a pane out of so-called candy glass (hard, clear
sugar) because it isnt clear or flat enough and wont
hold together in large pieces. So, they have to crash through
real glass. And they get cut. Every time. The idea, however,
is to see they get only little cuts. I know you are surprised
to hear this, but the fact is, stunt performers get hurt all
the time. They expect it. In spite of what they say on TV, their
goal is not really to prevent injury but rather to prevent serious
injury. Cuts, scrapes, bruises and even broken bones are often
considered acceptable. People watching have no idea how much
courage and skill and pain tolerance this job takes.
the day in question, the special effects person blew the glass
a little too early. Bill had jumped on a springboard to fly
through the window and, in mid-air, noticed the window was blown
way before he got to it. He knew the shot was not going to work.
Unfortunately, as he was thinking this, he forgot to tuck his
head down and flew through the opening face first, caught his
legs on the window sill and hit the ground hard. The unbroken
glass shards in the window, which he would have pushed out of
the way had he hit the window properly, cut him badly on the
hand and head. He came back to set later all sewn up and just
really pissed he had been so stupid. Bill is an expert. He has
done amazing spins and jumps in cars for me, hung from helicopters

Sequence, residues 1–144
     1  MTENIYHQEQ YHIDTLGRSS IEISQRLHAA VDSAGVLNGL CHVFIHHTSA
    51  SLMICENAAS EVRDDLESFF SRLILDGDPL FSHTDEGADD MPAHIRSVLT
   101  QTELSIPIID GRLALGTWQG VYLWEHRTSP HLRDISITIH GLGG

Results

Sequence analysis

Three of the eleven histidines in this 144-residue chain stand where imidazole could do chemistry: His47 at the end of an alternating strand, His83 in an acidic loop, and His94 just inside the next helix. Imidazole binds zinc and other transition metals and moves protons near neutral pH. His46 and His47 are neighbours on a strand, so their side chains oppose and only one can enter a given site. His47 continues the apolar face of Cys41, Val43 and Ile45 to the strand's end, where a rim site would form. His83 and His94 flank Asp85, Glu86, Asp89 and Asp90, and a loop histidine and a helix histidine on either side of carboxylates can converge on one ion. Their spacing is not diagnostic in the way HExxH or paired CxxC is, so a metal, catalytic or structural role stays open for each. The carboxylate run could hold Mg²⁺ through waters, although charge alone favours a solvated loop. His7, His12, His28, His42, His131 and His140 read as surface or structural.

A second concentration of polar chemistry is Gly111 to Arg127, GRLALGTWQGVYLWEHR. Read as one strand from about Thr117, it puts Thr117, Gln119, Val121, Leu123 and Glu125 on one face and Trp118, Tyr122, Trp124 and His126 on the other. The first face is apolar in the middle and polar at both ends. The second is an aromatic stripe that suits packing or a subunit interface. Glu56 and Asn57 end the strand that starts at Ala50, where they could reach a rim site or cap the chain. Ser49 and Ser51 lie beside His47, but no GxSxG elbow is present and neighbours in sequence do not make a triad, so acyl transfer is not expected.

by a wire while shooting a gun, and taken all sorts of falls;
all so I could look good. He does it so well that even my own
mom has argued with me on occasion when I have tried to assure
her it wasnt really me that was in danger. She has pointed
at the screen and said, Thats you, Mitchell. I know
the way you walk. Thats you. Boy, that must have hurt.
But it was Bill.
is something very disturbing to see a person bleeding and dazed
after doing something that was considered unsafe for you to
think the principal camera operators dont get enough credit.
They are the guys taking the actual photos. They point the lens
and move the camera. They are gifted people.
sound department has to capture all the dialogue amongst a huge
number of obstacles and the production rarely compensates for
them. In fact, I once said to a director (not on Smallville)
that I was standing in a particular place for a shot because
it was better for the sound and he said, Mitchell, we
never take sound into consideration when blocking a scene.
Even though the dialogue is what its all about. The Smallville
crew were so proficient that I cant remember ever redoing
dialogue (ADR or Looping, as its called) because it was
poorly recorded. We recorded the rain soaked opening scenes
of Suspect in a sound studio because anything we
said on the day sounded like a scuba diver trying to talk to
2, Mitchell talks about "Suspect," Smallville fandom,
his new role on Stargate, and more. Read
it by clicking here!